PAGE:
St Philip (May 3)
Most of what is known about the Apostle Philip is found in the fourth Gospel. Like the brothers Simon Peter and Andrew, he came from Bethsaida, at the north-east corner of the Lake of Galilee.
Even the site of Bethsaida is now uncertain. Was it the small settlement on the shore of the lake, or the larger one on higher, stony ground one and a half miles inland? Perhaps it was both, with the main town on the dry land above the lake, and the fishing port on the flood plain below.
If that was the case, and if the Sermon on the Mount was preached nearby, Peter, Andrew and Philip would certainly have understood the difference between the house built on rock which stands fast, and the house built on insecure foundations, which is carried away by the river (Luke 6:47-49).
Philip’s calling is undramatic; he simply obeys Jesus’s instruction: “Follow me.” But there can be no doubt of his enthusiasm. “We have discovered who it was Moses wrote of in his law, and the prophets too,” he tells Nathaniel. “It is Jesus, the son of Joseph, from Nazareth.” “Can anything good come out of Nazareth?” demands the cynical Nathaniel. “Come and see,” the more simple Philip replies.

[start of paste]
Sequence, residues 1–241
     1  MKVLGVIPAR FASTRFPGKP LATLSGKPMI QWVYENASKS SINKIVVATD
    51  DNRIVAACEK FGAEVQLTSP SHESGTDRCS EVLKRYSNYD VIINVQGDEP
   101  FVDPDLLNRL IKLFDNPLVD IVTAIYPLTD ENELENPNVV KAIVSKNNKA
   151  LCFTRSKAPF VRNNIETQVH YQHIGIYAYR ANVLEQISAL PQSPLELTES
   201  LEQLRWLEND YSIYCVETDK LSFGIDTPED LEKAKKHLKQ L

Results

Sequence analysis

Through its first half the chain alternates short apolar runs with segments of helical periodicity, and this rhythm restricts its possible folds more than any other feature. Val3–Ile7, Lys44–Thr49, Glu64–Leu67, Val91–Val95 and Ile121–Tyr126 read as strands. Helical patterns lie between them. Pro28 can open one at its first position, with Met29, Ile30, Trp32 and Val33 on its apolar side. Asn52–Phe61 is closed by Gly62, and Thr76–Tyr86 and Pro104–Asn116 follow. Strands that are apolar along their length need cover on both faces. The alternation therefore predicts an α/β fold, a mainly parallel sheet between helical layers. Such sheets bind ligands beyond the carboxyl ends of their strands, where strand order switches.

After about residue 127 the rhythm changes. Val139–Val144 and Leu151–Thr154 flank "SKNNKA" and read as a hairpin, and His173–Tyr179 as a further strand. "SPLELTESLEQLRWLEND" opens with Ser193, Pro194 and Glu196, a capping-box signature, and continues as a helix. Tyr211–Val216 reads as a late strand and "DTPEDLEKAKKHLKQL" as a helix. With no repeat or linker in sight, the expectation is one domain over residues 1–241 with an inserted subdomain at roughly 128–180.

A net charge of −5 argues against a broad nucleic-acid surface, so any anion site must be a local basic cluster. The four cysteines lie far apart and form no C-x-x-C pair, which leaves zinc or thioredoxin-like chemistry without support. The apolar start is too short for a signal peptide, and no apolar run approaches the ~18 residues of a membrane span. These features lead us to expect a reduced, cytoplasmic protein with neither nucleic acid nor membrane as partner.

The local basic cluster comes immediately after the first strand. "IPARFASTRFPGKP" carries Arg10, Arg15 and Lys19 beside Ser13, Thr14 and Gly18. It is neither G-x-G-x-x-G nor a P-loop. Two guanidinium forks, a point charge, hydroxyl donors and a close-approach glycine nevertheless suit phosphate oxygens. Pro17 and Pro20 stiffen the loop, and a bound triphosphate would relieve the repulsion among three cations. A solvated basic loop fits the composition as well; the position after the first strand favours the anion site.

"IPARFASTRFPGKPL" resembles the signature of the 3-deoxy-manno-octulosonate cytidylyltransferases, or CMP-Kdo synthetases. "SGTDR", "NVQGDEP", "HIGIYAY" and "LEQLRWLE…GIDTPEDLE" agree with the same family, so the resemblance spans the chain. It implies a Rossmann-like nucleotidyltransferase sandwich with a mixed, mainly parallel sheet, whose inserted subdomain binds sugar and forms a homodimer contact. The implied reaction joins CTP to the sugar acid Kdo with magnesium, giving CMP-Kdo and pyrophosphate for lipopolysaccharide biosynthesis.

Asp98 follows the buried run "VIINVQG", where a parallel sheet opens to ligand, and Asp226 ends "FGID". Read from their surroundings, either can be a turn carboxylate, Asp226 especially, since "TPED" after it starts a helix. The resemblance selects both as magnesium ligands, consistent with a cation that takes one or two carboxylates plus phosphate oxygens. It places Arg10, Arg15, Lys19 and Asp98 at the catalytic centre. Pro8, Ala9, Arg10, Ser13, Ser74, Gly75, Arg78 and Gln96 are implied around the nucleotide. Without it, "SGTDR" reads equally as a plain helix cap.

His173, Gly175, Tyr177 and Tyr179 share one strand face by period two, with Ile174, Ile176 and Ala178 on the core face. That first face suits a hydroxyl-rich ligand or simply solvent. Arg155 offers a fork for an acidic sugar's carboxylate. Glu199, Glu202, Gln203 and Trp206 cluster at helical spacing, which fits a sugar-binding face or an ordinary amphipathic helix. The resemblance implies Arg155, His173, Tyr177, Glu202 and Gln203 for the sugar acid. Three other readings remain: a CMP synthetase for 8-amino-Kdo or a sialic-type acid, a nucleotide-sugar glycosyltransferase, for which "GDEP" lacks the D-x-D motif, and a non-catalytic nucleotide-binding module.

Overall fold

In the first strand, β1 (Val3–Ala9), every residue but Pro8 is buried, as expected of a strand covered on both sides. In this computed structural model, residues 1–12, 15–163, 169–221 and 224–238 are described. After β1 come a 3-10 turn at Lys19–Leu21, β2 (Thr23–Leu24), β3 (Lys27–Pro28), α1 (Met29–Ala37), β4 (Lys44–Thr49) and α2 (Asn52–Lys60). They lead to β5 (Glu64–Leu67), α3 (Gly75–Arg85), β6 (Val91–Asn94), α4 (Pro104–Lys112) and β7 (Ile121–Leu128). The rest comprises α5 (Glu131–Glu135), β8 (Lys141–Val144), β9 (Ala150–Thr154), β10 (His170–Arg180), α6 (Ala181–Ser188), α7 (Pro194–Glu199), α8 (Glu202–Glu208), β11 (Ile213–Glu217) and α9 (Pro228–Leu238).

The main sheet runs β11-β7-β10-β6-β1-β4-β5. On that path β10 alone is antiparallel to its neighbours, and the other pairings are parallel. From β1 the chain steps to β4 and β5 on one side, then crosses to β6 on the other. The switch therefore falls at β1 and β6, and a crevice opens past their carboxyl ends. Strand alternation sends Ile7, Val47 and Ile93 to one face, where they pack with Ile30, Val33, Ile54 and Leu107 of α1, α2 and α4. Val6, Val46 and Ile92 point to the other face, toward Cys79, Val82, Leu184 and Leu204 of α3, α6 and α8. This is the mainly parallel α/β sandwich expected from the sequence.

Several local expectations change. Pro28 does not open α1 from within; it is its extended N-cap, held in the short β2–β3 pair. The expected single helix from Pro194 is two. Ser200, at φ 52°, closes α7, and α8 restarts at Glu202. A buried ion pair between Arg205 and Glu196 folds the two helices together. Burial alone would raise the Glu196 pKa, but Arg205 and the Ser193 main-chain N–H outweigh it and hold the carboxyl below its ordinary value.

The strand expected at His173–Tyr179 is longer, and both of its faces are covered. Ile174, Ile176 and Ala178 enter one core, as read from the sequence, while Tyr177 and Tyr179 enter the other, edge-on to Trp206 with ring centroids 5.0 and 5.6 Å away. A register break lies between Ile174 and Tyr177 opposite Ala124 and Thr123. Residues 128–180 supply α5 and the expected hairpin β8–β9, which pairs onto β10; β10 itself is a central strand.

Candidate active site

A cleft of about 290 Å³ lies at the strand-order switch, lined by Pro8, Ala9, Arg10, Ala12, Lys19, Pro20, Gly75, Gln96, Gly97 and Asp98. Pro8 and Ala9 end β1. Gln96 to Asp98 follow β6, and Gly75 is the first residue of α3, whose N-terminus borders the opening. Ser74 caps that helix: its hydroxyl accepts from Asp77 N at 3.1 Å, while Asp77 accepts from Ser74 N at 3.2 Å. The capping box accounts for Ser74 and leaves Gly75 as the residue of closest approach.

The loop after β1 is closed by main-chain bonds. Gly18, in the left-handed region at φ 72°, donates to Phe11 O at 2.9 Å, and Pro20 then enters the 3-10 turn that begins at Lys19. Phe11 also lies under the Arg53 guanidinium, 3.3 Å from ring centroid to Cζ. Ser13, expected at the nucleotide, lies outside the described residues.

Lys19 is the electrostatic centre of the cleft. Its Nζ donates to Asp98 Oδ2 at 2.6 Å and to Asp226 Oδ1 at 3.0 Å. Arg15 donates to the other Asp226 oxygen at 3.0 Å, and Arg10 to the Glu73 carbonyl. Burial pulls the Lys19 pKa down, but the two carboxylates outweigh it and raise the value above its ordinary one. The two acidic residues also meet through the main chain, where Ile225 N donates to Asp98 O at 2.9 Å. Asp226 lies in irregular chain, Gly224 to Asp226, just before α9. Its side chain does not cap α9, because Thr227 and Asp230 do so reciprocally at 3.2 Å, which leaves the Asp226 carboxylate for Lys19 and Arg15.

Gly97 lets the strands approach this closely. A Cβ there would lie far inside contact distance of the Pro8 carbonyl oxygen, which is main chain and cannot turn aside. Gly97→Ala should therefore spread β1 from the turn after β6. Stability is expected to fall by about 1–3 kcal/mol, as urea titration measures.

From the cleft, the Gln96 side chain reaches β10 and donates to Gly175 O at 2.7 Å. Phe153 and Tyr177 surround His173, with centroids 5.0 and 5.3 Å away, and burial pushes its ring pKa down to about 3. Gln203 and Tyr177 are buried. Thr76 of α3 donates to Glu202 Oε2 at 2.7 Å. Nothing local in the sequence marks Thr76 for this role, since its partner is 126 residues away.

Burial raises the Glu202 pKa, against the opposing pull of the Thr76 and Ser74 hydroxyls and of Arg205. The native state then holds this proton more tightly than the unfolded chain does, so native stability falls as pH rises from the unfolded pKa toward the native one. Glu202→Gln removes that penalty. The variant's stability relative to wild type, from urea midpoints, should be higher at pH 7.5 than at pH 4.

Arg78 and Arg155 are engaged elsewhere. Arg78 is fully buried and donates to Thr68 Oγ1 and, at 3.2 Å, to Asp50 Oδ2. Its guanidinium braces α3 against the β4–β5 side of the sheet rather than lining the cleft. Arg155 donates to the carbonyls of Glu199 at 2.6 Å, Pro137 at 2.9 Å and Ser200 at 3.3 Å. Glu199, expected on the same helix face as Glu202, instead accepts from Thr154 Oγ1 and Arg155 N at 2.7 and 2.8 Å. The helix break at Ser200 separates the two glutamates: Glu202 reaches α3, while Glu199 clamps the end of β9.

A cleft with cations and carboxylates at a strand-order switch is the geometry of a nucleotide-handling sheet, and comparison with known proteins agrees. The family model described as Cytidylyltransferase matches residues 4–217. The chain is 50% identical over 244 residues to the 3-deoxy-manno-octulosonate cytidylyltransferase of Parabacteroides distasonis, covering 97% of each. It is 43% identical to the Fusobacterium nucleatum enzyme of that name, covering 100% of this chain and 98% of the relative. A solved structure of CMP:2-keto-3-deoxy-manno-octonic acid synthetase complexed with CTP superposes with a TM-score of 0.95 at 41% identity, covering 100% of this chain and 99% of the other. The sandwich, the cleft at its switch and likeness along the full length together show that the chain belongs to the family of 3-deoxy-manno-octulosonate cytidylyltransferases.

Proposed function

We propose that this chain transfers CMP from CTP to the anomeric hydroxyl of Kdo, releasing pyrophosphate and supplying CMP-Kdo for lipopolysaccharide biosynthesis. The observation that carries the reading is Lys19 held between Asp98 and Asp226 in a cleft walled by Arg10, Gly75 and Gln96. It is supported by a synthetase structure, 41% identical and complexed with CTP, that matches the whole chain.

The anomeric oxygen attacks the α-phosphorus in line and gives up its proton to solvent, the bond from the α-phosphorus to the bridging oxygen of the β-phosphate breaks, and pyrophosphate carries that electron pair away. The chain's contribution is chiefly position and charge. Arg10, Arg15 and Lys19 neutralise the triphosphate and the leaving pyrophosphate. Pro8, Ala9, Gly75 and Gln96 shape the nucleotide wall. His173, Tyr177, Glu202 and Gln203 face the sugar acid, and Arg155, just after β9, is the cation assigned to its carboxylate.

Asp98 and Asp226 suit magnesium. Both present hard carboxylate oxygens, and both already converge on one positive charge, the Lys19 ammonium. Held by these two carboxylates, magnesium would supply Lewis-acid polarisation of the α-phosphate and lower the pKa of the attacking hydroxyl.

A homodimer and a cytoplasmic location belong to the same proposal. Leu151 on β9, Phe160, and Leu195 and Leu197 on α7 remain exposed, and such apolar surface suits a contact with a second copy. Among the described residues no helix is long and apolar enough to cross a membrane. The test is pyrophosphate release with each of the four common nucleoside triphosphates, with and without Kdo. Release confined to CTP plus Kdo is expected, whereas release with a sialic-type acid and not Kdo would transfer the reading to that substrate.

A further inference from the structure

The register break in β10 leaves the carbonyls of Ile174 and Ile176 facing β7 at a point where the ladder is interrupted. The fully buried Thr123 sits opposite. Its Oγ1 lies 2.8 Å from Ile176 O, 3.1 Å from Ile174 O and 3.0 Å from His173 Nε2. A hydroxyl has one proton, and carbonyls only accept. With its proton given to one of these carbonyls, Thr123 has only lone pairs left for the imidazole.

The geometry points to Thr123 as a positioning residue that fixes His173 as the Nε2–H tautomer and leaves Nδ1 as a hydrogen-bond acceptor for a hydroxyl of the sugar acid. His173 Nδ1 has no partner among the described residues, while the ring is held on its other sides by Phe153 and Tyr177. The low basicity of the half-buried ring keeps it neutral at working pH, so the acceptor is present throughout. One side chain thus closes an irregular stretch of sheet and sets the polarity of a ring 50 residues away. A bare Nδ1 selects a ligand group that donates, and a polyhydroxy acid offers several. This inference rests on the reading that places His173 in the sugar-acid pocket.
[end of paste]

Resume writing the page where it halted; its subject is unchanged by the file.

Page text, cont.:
There follows one of the most telling illustrations of Jesus’s human personality in the New Testament. “Jesus saw Nathaniel coming towards him, and said of him: ‘Here comes one who belongs to the true Israel; there is no falsehood in him.’” “How dost thou know me?” Nathaniel returns.
“I saw thee when thou wast standing under a fig tree, before Philip called thee,” Jesus explains.
Nathaniel then makes a ringing declaration of faith: “Thou, Master, art the son of God, thou art the King of Israel.” To which Jesus replies, with a delightful mixture of good-humoured mockery and irony: “What, believe because I told thee that I saw thee under the fig tree? Thou shalt see greater things than that” (John 1:45-51).
Later in St John, Philip’s accountant’s calculation is used to set up the miracle of the Feeding of the Five Thousand: “Two hundred denarii would not buy enough bread for each of them to get a little.” Was Philip a Greek, as his name suggests? Certainly some Greeks applied to him for access to Jesus (John 12:21).
In Chapter 14 Philip demands assurance in his faith: “Lord, show us the Father, and we shall be satisfied.” “Have I been with you so long, and yet you do not know me, Philip?” Jesus replies. “He who has seen me has seen the Father.” Tradition has it that Philip preached in Phrygia (the west central part of modern Turkey) and was crucified at Hierapolis.